A&E

Alan Cumming prepares to be vulnerable in Palo Alto

Scottish-American performer brings cabaret show to the JCC

Whether from his work in the theater or on the large or small screens, you know Alan Cumming, but do you really know him? This April 14, the Scottish-born star is bringing his critically-acclaimed one-person cabaret show, "Alan Cumming Sings Sappy Songs," to the Oshman Family JCC in Palo Alto.

"Sappy Songs" first premiered in 2015 in New York City, and Cumming has since toured it across the U.S., Canada, Australia and the U.K., as well as recorded a live album. The show has been in hibernation while he works on his new show, "Legal Immigrant," which premiered in 2018, but he's waking it up for a special performance in Palo Alto just as winter gives way to spring.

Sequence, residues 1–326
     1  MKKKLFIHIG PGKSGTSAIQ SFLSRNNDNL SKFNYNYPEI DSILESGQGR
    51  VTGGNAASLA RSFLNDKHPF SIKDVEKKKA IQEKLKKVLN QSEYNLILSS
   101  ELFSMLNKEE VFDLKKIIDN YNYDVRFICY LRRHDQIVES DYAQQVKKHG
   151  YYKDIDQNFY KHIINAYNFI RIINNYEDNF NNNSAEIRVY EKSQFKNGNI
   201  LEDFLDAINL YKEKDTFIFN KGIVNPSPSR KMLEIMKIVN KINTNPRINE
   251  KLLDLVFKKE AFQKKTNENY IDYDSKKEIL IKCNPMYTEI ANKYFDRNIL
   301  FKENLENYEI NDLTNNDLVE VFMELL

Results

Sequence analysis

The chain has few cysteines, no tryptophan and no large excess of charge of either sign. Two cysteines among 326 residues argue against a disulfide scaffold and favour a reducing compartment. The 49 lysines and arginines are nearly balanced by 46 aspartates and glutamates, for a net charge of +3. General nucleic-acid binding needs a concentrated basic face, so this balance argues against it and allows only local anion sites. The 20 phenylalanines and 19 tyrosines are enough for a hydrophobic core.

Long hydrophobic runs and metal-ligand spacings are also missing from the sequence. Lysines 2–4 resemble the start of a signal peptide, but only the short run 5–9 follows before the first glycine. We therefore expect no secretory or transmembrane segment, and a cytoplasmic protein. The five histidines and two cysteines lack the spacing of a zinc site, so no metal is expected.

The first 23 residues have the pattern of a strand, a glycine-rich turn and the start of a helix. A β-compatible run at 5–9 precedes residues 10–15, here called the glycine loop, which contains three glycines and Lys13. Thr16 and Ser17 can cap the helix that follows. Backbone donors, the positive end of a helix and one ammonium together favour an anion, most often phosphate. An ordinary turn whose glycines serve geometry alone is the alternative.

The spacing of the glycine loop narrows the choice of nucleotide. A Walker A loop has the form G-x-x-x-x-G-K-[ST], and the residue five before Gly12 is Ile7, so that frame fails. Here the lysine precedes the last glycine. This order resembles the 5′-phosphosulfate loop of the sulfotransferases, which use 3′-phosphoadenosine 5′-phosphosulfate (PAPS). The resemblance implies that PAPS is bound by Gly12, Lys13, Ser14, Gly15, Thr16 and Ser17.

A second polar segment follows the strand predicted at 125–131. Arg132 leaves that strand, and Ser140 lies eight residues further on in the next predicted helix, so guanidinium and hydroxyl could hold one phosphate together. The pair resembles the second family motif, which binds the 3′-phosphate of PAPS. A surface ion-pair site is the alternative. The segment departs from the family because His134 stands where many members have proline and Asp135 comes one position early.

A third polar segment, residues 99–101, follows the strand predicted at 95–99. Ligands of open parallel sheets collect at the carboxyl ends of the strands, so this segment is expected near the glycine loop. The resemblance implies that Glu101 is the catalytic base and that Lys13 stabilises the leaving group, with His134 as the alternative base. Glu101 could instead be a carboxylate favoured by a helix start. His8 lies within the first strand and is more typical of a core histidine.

As "an honorary Jew after playing Eli Gold for seven seasons on 'The Good Wife,'" he said he's excited to head to the JCC "with a Jewish blessing!"

The Weekly spoke with him as he rode a train from New York City to Boston to learn more about the intimate show, from its creation to what audience members can expect to experience.

KP: Why is this show called "Sappy Songs?"

AC: I wanted to signal to the audience that I was going to be emotional and go for it. The show is authentic and vulnerable but the title is tongue-in-cheek. It is a funny show.

KP: Did you have any songs that were too sappy to make the cut?